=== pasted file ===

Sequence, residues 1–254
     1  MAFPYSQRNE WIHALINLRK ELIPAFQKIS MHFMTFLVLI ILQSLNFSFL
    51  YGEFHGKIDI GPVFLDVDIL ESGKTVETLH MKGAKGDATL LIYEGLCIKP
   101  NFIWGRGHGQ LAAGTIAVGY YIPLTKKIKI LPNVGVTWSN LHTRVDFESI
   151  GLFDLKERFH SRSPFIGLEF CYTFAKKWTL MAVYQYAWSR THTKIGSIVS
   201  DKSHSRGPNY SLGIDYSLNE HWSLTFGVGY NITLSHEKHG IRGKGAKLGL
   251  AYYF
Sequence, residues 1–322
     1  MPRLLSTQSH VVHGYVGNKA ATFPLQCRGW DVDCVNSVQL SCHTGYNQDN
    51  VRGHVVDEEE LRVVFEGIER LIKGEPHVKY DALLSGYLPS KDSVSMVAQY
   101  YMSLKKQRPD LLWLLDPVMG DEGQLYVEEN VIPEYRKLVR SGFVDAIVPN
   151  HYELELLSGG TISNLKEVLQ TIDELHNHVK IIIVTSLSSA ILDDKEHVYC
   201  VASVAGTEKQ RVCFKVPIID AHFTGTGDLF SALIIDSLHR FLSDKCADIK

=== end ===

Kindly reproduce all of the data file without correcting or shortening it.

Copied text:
Sequence, residues 1–254
     1  MAFPYSQRNE WIHALINLRK ELIPAFQKIS MHFMTFLVLI ILQSLNFSFL
    51  YGEFHGKIDI GPVFLDVDIL ESGKTVETLH MKGAKGDATL LIYEGLCIKP
   101  NFIWGRGHGQ LAAGTIAVGY YIPLTKKIKI LPNVGVTWSN LHTRVDFESI
   151  GLFDLKERFH SRSPFIGLEF CYTFAKKWTL MAVYQYAWSR THTKIGSIVS
   201  DKSHSRGPNY SLGIDYSLNE HWSLTFGVGY NITLSHEKHG IRGKGAKLGL
   251  AYYF
Sequence, residues 1–322
     1  MPRLLSTQSH VVHGYVGNKA ATFPLQCRGW DVDCVNSVQL SCHTGYNQDN
    51  VRGHVVDEEE LRVVFEGIER LIKGEPHVKY DALLSGYLPS KDSVSMVAQY
   101  YMSLKKQRPD LLWLLDPVMG DEGQLYVEEN VIPEYRKLVR SGFVDAIVPN
   151  HYELELLSGG TISNLKEVLQ TIDELHNHVK IIIVTSLSSA ILDDKEHVYC
   201  VASVAGTEKQ RVCFKVPIID AHFTGTGDLF SALIIDSLHR FLSDKCADIK